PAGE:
The Vatican remains out of step with all who understand the dire consequences of not addressing population growth and over consumption. Some consequences of the population explosion include, but are not limited to, refugees pouring into Europe, war, chaos, climate change, rising seas, myriad forms of pollution, depletion of resources: minerals, ores, oil, gas, soils, forests, and fisheries.  We need to get our priorities straight. The future for humans is calamitous without more efforts to humanely reduce our numbers using voluntary family planning.

Today, 225 million women have no access to contraception and over 50 percent of pregnancies here and abroad are unplanned. Population is growing by 80 million a year and is projected to explode from 7 billion to 9 or 10 billion by 2050, yet our efforts and funding are minuscule relative to other spending, e.g., military and weapons.

The lack of contraception leads to unsafe illegal abortions in much of the world with an estimated 68,000 women dying and 5.3 million suffering disabilities annually. Certainly these facts should trouble a concerned, compassionate Pope. He did say Catholics don’t have to ‘breed like rabbits’, on his way back from the overpopulated Philippines, but has yet to condone modern methods of birth prevention. The planet and the poor would both benefit greatly, if the Pope supported modern contraception and sex education for all.

The SF Bay Chapter’s Population, Health, and Environment Committee meets monthly and hosts occasional events.  If you are interested in getting involved, please contact committee co-chair Suzanne York at slyork27@gmail.com.

– Article by Lee Miller, Committee for a Sustainable World Population, Sierra Club Mother Lode Chapter

All eligible Contra Costa cities vote to move ahead with Community Choice energy study

CTA-CA-335599On Tuesday, Brentwood became the 16th of 16 eligible Contra Costa cities to agree to release its PG&E electrical load to the county and participate in a countywide Community Choice Energy Technical (“Feasibility”) Study. The Brentwood City Council’s vote was unanimous, and much to the surprise of many, they pledged a maximum of $30,000 as a contribution to sharing the cost of the study. This is larger than any city so far when compared with $15,000 pledged by both Danville and Pleasant Hill, $20,000 pledged by Walnut Creek, and $25,000 by Concord. According to Jason Crapo, Deputy Director of the county’s Department of Conservation and Development, three other cities unofficially indicated a willingness to share the costs without discussing a specific dollar amount: Pinole, Orinda, and San Ramon.

A report of the survey of all 16 cities will be discussed at the county Board of Supervisors’ Internal Operations Committee (members John Gioia and Candace Andersen) led by Mr. Crapo in consultation with Seth Baruch and Tom Kelly of Lean Energy on Monday, February 29th, midday.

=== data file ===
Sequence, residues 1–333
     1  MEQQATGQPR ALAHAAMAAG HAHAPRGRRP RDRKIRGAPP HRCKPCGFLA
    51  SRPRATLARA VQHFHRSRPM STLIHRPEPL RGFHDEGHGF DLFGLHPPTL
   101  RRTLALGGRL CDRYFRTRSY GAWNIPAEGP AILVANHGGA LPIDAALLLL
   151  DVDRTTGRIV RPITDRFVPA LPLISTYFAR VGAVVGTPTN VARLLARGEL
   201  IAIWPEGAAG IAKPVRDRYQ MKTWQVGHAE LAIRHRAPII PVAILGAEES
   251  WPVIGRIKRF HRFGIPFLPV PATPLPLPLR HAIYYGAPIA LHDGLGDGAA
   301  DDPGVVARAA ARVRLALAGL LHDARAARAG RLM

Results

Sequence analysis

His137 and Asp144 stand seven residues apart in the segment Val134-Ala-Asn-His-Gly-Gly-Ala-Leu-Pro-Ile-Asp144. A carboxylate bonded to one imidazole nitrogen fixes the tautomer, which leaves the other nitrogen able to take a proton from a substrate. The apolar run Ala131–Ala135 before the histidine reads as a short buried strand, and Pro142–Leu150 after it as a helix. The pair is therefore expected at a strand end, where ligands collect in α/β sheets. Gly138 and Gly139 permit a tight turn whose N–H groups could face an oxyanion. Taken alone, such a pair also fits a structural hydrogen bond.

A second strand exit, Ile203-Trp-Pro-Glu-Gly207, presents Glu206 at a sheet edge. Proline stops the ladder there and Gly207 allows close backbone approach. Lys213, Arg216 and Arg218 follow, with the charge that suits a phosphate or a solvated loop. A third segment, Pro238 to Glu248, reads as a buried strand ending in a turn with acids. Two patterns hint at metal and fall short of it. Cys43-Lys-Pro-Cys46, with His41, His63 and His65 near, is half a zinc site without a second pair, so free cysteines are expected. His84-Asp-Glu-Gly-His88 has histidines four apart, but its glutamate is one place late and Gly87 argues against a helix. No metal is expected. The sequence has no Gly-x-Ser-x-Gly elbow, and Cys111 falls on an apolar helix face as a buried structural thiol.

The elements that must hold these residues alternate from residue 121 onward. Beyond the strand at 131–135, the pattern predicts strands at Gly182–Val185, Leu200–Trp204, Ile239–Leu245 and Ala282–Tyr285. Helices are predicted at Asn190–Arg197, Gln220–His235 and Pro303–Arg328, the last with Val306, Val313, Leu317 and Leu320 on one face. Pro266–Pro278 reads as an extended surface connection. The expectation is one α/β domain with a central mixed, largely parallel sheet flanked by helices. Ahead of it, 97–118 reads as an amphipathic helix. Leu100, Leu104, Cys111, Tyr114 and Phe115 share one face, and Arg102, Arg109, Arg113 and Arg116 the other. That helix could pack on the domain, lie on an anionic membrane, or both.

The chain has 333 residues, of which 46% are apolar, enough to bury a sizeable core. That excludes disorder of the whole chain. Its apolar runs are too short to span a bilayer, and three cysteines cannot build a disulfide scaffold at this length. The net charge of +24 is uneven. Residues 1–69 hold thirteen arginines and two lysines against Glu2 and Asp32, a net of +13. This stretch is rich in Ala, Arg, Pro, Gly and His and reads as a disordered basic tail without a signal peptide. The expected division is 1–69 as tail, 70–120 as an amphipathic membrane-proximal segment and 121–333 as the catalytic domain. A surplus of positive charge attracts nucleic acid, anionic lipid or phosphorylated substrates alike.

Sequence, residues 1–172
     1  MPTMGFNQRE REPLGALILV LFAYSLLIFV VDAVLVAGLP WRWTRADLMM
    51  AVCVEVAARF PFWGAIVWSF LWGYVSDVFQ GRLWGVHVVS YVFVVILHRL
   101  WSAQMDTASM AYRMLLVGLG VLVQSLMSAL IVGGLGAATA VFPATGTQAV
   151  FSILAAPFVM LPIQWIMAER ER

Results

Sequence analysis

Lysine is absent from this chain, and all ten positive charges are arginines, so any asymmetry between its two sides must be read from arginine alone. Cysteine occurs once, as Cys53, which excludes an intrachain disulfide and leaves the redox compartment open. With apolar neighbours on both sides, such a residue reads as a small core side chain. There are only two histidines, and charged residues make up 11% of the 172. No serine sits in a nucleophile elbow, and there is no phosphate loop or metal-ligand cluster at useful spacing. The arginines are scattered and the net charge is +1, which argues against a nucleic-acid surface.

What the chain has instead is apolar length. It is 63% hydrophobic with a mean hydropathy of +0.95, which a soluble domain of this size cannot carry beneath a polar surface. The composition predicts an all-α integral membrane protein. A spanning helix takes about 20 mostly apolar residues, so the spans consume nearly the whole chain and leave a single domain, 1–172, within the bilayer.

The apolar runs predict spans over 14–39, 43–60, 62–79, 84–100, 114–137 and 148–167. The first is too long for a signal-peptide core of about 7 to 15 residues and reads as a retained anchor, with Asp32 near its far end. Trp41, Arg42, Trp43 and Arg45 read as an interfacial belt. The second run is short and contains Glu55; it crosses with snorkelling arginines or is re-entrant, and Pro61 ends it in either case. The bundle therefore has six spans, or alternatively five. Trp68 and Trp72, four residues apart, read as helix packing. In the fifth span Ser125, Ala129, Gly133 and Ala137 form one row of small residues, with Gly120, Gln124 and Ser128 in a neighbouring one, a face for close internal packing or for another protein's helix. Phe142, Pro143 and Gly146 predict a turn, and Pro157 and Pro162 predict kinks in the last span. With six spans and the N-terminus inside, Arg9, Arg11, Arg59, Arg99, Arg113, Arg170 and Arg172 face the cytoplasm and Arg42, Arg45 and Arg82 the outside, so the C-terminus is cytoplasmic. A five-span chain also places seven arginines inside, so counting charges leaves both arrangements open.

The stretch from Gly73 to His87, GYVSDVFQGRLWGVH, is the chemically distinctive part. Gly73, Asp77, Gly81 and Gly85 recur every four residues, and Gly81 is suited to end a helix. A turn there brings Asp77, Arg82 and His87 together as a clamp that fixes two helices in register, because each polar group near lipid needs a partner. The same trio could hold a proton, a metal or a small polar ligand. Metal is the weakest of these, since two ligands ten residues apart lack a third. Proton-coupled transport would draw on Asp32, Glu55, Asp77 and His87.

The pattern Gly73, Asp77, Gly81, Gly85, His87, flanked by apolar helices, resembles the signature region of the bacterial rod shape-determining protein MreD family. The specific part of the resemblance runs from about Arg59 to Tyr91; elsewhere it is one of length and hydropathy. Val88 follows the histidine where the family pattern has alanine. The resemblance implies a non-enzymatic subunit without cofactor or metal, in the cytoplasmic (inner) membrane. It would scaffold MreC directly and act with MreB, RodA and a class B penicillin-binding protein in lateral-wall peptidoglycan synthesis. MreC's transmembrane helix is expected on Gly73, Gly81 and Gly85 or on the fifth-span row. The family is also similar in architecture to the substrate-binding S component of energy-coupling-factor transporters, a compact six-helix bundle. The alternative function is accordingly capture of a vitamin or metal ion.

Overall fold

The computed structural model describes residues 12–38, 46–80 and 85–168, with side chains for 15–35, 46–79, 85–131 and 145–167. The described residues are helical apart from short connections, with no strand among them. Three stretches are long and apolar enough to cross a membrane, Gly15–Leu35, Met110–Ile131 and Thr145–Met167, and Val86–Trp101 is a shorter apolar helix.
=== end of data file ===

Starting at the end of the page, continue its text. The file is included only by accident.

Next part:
Several Contra Costa cities have also simultaneously applied to join Marin Clean Energy (MCE), whose period of inclusion ends March 31st. MCE requires both a proposition and ordinance to have passed the first of two readings before that date. The cities exploring both Community Choice options include Pinole, Oakley, Brentwood, Walnut Creek, and Lafayette. On Monday night, Lafayette voted unanimously to approve a first reading of a proposition and ordinance to join MCE — the first Contra Costa city to do so since El Cerrito and San Pablo did so in 2014.

If a Contra Costa Community Choice energy program goes forward, it will likely benefit from the same very favorable energy market as is the case for San Francisco and San Mateo as they write their current energy contracts. Per San Mateo’s tech study, their predicted profit the first year will be 4%, more than enough to negate the recent PCIA fee increase. However, due to its older contracts made at a time when energy (both from fossil fuels and renewable sources) was more expensive, MCE customers are now paying more than they would for standard PG&E service, both for the Light Green and Deep Green service, if you include the increased cost of the PCIA (this would not be true if it weren’t for the increased cost of the PCIA).

Although many current MCE customers share the priority of the choice of clean energy and lowering greenhouse gases rather than saving money, this increased cost may be more of a concern for new customers.

The point being that Community Choice energy programs assembling contracts in the current energy market are at an advantage compared to the “old” program, MCE. This adds one more reason that a Contra Costa program is a better choice for its member cities. And it is an added reason that the Contra Costa Board of Supervisors should move forward without delay.

Read more in “Contra Costa cities push forward with Community Choice energy“.

– Carol Weed, MD, Contra Costa Clean Energy Alliance

It’s all in the timing: California transitions to time-based net metering

Photo by Mayer Gala, courtesy of Pexels.